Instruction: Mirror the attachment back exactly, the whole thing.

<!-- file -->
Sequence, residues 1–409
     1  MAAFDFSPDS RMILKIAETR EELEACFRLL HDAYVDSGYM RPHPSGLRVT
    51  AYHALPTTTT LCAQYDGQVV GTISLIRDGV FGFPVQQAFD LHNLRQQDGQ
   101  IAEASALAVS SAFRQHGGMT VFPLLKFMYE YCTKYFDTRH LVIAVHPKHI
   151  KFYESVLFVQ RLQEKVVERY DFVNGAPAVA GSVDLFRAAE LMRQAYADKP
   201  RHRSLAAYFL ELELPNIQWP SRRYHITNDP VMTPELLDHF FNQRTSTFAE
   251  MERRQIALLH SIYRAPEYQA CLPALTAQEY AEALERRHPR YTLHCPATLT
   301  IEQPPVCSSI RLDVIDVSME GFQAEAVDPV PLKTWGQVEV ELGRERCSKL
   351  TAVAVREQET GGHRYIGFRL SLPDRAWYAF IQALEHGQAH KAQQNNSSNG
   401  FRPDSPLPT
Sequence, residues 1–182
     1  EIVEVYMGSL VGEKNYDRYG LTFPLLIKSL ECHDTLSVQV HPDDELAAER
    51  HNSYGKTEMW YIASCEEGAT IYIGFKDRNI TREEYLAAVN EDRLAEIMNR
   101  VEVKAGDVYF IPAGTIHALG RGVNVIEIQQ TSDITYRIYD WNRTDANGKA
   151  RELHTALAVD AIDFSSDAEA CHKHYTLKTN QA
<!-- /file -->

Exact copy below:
Sequence, residues 1–409
     1  MAAFDFSPDS RMILKIAETR EELEACFRLL HDAYVDSGYM RPHPSGLRVT
    51  AYHALPTTTT LCAQYDGQVV GTISLIRDGV FGFPVQQAFD LHNLRQQDGQ
   101  IAEASALAVS SAFRQHGGMT VFPLLKFMYE YCTKYFDTRH LVIAVHPKHI
   151  KFYESVLFVQ RLQEKVVERY DFVNGAPAVA GSVDLFRAAE LMRQAYADKP
   201  RHRSLAAYFL ELELPNIQWP SRRYHITNDP VMTPELLDHF FNQRTSTFAE
   251  MERRQIALLH SIYRAPEYQA CLPALTAQEY AEALERRHPR YTLHCPATLT
   301  IEQPPVCSSI RLDVIDVSME GFQAEAVDPV PLKTWGQVEV ELGRERCSKL
   351  TAVAVREQET GGHRYIGFRL SLPDRAWYAF IQALEHGQAH KAQQNNSSNG
   401  FRPDSPLPT
Sequence, residues 1–182
     1  EIVEVYMGSL VGEKNYDRYG LTFPLLIKSL ECHDTLSVQV HPDDELAAER
    51  HNSYGKTEMW YIASCEEGAT IYIGFKDRNI TREEYLAAVN EDRLAEIMNR
   101  VEVKAGDVYF IPAGTIHALG RGVNVIEIQQ TSDITYRIYD WNRTDANGKA
   151  RELHTALAVD AIDFSSDAEA CHKHYTLKTN QA